Isaac Okoro

Isaac Nnamdi Okoro (born January 26, 2001)[1] is an American professional basketball player for the Cleveland Cavaliers of the National Basketball Association (NBA). He played college basketball for the Auburn Tigers. Listed at 6 feet 5 inches (1.96 m) and 225 pounds (102 kg), he plays the small forward position.

Isaac Okoro
Isaac Okoro (cropped) 2.jpg
Okoro with Auburn in 2019
No. 35 – Cleveland Cavaliers
PositionSmall forward
LeagueNBA
Personal information
Born (2001-01-26) January 26, 2001 (age 20)
Atlanta, Georgia
NationalityAmerican
Listed height6 ft 5 in (1.96 m)
Listed weight225 lb (102 kg)
Career information
High schoolMcEachern
(Powder Springs, Georgia)
CollegeAuburn (2019–2020)
NBA draft2020 / Round: 1 / Pick: 5th overall
Selected by the Cleveland Cavaliers
Playing career2020–present
Career history
2020–presentCleveland Cavaliers
Career highlights and awards
  • Second-team All-SEC (2020)
  • SEC All-Freshman Team (2020)
  • SEC All-Defensive Team (2020)
Stats Edit this at Wikidata at NBA.com
Stats at Basketball-Reference.com
Medals
Men's basketball
Representing  United States
FIBA Under-17 World Cup
Gold medal – first place 2018 Argentina Team

Okoro played basketball for McEachern High School in Georgia for four years, helping his team win the state championship and achieve national success in his senior season. He was considered a five-star recruit by Rivals and a four-star recruit by 247Sports and ESPN. After his freshman college season at Auburn, he was named to the second team All-SEC.

Early lifeEdit

Okoro was born in Atlanta, Georgia to Nigerian parents and was raised close to metro Atlanta. His father, Godwin, emigrated from Nigeria in the 1980s. His mother, Gloria, also originates from Nigeria.[2] Okoro started playing basketball in his local church league. When he was around seven to eight years old, he began training under the guidance of Amateur Athletic Union (AAU) coach Omar Cooper, the father of his future high school teammate, Sharife Cooper. He played for the A.O.T. Running Rebels of the Nike EYBL circuit.[3]

High school careerEdit

Okoro played high school basketball for McEachern High School in Powder Springs, Georgia. In his freshman season, he averaged 15 points and eight rebounds per game, helping his team win the regional title and reach the Georgia High School Association Class 7A state quarterfinals.[4][5] As a sophomore, Okoro averaged 22.5 points per game, leading McEachern to the regional championship and the Class 7A state semifinals.[5][6] He earned Atlanta Journal-Constitution Class 7A All-State second team and MaxPreps Sophomore All-American third team honors.[7][8] In his junior season, Okoro averaged 20.3 points and 6.4 rebounds per game, helping McEachern reach the Class 7A state quarterfinals.[9][10] He was named to the Atlanta Journal-Constitution Class 7A All-State first team and the USA Today All-USA Georgia first team.[9][11] In the offseason, Okoro had success on the Nike Elite Youth Basketball League, a prominent amateur circuit, with Athletes of Tomorrow.[12]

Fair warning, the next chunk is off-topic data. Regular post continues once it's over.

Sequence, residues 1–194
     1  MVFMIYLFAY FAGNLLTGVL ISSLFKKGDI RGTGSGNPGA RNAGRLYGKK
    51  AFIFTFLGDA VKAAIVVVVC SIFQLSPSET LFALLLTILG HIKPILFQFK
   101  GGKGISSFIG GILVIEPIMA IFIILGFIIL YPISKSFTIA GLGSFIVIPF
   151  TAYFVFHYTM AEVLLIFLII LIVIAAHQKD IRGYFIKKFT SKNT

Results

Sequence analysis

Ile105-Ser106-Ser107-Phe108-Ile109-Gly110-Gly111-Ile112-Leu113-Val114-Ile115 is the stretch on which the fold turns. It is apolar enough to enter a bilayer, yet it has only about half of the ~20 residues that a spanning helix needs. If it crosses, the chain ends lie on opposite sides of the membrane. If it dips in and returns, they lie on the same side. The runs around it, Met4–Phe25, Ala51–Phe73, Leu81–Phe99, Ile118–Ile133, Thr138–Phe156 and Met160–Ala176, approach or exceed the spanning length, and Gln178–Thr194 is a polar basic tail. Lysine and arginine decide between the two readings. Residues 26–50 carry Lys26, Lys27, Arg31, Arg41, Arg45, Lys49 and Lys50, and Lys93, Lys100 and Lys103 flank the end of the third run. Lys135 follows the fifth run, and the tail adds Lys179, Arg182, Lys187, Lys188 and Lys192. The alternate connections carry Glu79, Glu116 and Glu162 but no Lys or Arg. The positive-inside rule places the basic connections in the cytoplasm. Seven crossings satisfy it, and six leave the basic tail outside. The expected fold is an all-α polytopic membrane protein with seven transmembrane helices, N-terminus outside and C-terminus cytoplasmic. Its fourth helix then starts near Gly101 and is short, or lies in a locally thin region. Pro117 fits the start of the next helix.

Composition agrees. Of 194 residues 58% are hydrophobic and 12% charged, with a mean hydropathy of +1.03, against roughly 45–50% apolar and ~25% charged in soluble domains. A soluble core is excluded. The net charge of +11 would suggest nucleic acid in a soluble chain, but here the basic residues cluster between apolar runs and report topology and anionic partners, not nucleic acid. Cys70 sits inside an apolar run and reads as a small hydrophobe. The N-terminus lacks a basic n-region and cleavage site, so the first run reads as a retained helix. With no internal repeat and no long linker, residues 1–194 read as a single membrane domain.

In his senior season, Okoro averaged 19.7 points, 10.6 rebounds, 3.2 assists and 2.7 steals per game.[13] He led McEachern to titles at the City of Palms Classic and the Tournament of Champions.[14][15] His team ended the regular season with a 32–0 record, becoming the first undefeated team in the highest Georgia classification since 1995 and receiving a No. 1 national ranking from multiple websites, including MaxPreps.[16] Okoro scored 16 points to help his team win its first Class 7A state championship.[17] He shared Atlanta Journal-Constitution state most valuable player recognition with teammate Sharife Cooper.[18] Okoro was named to the MaxPreps All-American second team and the USA Today All-USA Georgia first team.[13][19] On April 12, 2019, Okoro competed in the Nike Hoop Summit, an international all-star game.[20] On April 26, 2019, Okoro became only the second basketball player in McEachern history to have his jersey retired.[21]

RecruitingEdit

By the end of his high school career, Okoro was considered a five-star recruit by Rivals and a four-star recruit by 247Sports and ESPN.[22][23] On July 25, 2018, he committed to play college basketball for Auburn over offers from Florida, Florida State, Oregon and Texas, among others.[24] Okoro became the second-highest ranked commit in program history, according to 247Sports composite rankings, behind only Mustapha Heron.[25]

US college sports recruiting information for high school athletes
Name Hometown High school / college Height Weight Commit date
Isaac Okoro
SF
Powder Springs, GA McEachern (GA) 6 ft 6 in (1.98 m) 215 lb (98 kg) Jul 25, 2018 
Recruiting star ratings: ScoutN/A   Rivals:    247Sports:     ESPN:    ESPN grade: 88
Overall recruiting rankings:   Rivals: 31  247Sports: 37  ESPN: 40
  • Note: In many cases, Scout, Rivals, 247Sports, and ESPN may conflict in their listings of height and weight.
  • In these cases, the average was taken. ESPN grades are on a 100-point scale.

Sources:

  • "Auburn 2019 Basketball Commitments". Rivals.com. Retrieved July 27, 2019.
  • "2019 Auburn Tigers Recruiting Class". ESPN.com. Retrieved July 27, 2019.
  • "2019 Team Ranking". Rivals.com. Retrieved July 27, 2019.

College careerEdit

Okoro scored 12 points in his Auburn debut, a 84–73 win over Georgia Southern. The following game, he attained 17 points in a 76–66 victory over Davidson.[26] Okoro was named Southeastern Conference (SEC) Freshman of the Week on November 18, 2019.[27] He scored a season-high 23 points in a 83–79 win over Vanderbilt on January 8, 2020.[28] Okoro did not play in a February 15 game against Missouri due to a hamstring injury.[29] After the regular season, he was named to the All-SEC Second Team, the SEC All-Freshman Team and the SEC All-Defensive Team by the league's coaches.[30] Okoro averaged 12.9 points, 4.4 rebounds and two assists per game. After his freshman season, he announced that he would enter the 2020 NBA draft.[31]

Professional careerEdit

Cleveland Cavaliers (2020–present)Edit